David Cameron recently spoke of his immense frustration at the continued delay in publication of the Chilcot inquiry report – a document supposed to reveal why the UK went to war in Iraq and what lessons have been learned from the conflict.
The inquiry was convened in 2009 and has still not produced its findings. Families of British servicemen killed in Iraq are now threatening to take legal action over the delay. It has even become a feature of the Labour leadership election, with candidate Yvette Cooper pledging to work with Cameron to pass a House of Commons motion demanding publication of the Chilcot report by the end of the year.
Unfortunately, neither may produce the desired result in this case. But the mounting frustration over Chilcot could prompt change to the way public inquiries are carried out.
Public inquiries serve many purposes. They establish facts and make recommendations to prevent incidents from recurring. But one of their key roles is to hold those in authority to account. It is therefore vital that public inquiries remain independent from the government and the wider political system.
The Chilcot Inquiry has faced widespread public criticism from the outset in 2009. Many hearings were taking place in secret and there were protracted disputes with the government over the publication of sensitive papers. Among these were Cabinet Office minutes and memos between Tony Blair and George W Bush.
The inquiry was already significantly behind its anticipated timetable by the time it reached the stage of Maxwellisation. This is the process of sending everyone who the inquiry intends to criticise the relevant section of the draft final report. They are then given the opportunity to respond ahead of publication.
By that time the patience of the families of the servicemen, government and public was already wearing very thin. Further damage was caused when the 2015 election rolled around and still no report had been published. This gave rise to allegations of cynical political interference and deliberate delaying tactics.
However, direct political interference by parliament, as proposed by Cooper, risks yet further damage to the perceived independence of the process. The Chilcot Inquiry’s integrity could be further undermined, which would cast even more of a shadow over its findings.
It also risks, at its most extreme, derailing the inquiry itself. As Sir John Chilcot stated when giving evidence to parliament in February 2015 “We are an independent inquiry and we should hold to our independence. We could not be forced, frankly, to put our signatures to a report which we regarded as incomplete or unfinished.”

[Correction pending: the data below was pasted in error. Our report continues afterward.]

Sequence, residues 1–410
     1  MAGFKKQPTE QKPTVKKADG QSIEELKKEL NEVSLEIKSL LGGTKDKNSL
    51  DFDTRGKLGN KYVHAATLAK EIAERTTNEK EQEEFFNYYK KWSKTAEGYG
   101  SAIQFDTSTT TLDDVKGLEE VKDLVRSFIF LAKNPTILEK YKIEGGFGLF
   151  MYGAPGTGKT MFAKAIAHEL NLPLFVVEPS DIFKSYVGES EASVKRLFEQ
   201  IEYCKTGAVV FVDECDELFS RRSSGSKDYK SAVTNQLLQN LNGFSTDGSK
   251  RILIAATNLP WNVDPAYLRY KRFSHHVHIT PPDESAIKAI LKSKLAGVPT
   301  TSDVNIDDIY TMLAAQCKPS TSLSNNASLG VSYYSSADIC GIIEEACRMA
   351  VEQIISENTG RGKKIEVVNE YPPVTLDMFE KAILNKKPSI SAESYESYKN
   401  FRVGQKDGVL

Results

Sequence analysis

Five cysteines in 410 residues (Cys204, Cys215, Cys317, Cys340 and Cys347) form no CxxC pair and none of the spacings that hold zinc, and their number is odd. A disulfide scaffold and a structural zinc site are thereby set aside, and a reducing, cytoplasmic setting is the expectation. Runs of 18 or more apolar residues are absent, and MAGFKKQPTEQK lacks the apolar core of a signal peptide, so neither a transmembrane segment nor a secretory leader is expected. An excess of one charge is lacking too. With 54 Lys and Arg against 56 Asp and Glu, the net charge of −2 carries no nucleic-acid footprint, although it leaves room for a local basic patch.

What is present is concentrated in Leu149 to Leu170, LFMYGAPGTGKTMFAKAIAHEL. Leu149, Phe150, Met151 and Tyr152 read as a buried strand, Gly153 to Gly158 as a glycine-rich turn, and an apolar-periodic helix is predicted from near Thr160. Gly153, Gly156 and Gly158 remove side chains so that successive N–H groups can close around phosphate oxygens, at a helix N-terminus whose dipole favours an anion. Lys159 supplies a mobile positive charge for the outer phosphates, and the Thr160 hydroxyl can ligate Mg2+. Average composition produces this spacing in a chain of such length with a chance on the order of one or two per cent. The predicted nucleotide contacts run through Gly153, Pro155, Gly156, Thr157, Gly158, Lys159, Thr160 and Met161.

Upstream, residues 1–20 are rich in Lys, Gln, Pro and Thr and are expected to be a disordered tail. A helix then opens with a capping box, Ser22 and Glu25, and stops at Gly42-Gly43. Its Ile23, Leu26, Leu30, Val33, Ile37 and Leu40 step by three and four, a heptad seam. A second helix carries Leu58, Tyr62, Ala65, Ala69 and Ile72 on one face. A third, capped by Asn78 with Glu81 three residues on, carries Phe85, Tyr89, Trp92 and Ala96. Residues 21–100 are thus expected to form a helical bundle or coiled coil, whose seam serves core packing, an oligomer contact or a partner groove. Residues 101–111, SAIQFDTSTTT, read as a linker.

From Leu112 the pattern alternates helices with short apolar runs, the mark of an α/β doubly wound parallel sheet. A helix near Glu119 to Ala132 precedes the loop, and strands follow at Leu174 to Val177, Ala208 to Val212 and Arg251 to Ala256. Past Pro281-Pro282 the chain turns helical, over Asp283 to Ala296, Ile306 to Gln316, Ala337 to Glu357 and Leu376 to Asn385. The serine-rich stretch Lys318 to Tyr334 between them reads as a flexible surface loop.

The families' approach to addressing the delay is to threaten to seek a court order. They want a formal ruling that the delays are unlawful and that those involved in the inquiry have misinterpreted the extent to which the Maxwellisation process needs to be carried out.
They argue the inquiry “is unfairly prioritising the interests of senior politicians, senior civil servants and senior members of the armed forces who may be the subjects of criticism over the interests of family members – as well as the general public – to know why, who and for what, their loved ones died.”
But the families face an uphill struggle. Judicial review challenges can be made against public inquiries but the courts in general will not interfere with the exercise of discretion. They generally take the view that members of the inquiry are likely to have a much greater understanding of the inquiry’s tasks than the courts.
The trouble with Maxwellisation
One of the challenges faced by the families is that the Chilcot Inquiry set up the Maxwellisation process with strict duties of confidentiality. That means the full extent of the discussions and correspondence that have taken place during its course will not be known.
Added to that, public inquiries have considerable discretion over the procedure they may choose to adopt. The Chilcot Inquiry is not unusual in opting for Maxwellisation, as part of discharging its obligation to meet requirements of fairness.
Maxwellisation has also been incorporated into the rules governing statutory inquiries (over half of public inquiries currently convened) as the warning letter process. This requires warning letters to be sent out, prior to publication of the report, to any person who may be subject to criticism, providing details and the opportunity to respond.
This procedure is not without its own severe critics. Many see it as too onerous, inflexible, time consuming and costly. The inquiry into the failings of hospital care in Mid Staffordshire is a good example of this. The inquiry has been singled out for its speed and efficiency, having delivered its final report two years after its first hearing. But even then, at least six months was spent on warning letters. Literally thousands of hours of work went into producing the generic warning letter for the Leveson inquiry.
It is frequently argued that, in the vast majority of cases, those facing criticism have been present at the hearings, have heard the evidence and are fully aware of the issues and therefore warning letters are unnecessary, except in exceptional circumstances where, if they were not sent, there would be injustice to a particular witness.
The government has been severely criticised for standing by the prescriptive warning letter procedure instead of bringing in a more flexible alternative. These latest complaints about Chilcot could force its hand. Parliament may now reconsider making changes to the warning letter process and Maxwellisation in order to prevent such huge delays in future public inquiries.
That, however, will come as little comfort to the families that have lost loved ones in Iraq and are still waiting to be told why.
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Authors: The Conversation